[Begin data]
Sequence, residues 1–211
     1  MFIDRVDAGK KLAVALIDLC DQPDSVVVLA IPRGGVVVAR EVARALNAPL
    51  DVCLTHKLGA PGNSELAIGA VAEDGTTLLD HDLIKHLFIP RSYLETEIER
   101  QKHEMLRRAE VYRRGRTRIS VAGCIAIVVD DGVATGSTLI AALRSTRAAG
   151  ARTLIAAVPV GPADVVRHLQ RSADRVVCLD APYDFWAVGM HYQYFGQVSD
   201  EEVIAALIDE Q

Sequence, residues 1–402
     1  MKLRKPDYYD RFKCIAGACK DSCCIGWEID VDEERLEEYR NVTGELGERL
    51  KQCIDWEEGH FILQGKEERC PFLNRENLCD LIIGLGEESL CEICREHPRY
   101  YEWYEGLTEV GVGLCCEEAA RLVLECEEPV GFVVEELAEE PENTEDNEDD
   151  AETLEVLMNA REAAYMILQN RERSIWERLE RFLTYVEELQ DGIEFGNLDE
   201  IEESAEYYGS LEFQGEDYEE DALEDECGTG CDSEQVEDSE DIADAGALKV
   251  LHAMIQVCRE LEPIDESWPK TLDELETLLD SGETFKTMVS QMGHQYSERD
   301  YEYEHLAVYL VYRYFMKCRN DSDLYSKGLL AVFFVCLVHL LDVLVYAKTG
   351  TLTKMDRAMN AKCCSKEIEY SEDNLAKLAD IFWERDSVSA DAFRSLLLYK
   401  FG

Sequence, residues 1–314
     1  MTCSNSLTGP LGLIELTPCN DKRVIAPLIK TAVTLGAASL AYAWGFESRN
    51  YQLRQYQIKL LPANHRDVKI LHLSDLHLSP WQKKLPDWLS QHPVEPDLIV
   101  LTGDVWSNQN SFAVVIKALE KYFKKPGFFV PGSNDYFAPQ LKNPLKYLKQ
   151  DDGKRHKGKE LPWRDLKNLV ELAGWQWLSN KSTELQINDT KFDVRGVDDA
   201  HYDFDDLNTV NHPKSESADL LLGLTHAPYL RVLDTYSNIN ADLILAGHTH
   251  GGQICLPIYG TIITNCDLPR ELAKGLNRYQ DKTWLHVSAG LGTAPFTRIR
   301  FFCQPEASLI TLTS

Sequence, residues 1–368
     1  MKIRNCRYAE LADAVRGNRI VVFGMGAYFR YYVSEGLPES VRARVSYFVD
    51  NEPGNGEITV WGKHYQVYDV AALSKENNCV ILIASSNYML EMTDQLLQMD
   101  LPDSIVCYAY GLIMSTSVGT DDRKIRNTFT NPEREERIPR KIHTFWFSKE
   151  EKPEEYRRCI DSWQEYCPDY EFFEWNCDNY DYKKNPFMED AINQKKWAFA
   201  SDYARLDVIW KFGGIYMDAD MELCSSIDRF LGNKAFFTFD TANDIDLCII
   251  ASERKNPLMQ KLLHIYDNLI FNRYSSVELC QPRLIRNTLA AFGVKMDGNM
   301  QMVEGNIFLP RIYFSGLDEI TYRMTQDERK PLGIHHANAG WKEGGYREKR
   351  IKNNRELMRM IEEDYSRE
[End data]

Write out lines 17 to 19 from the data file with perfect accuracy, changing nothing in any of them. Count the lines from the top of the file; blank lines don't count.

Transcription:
Sequence, residues 1–314
     1  MTCSNSLTGP LGLIELTPCN DKRVIAPLIK TAVTLGAASL AYAWGFESRN
    51  YQLRQYQIKL LPANHRDVKI LHLSDLHLSP WQKKLPDWLS QHPVEPDLIV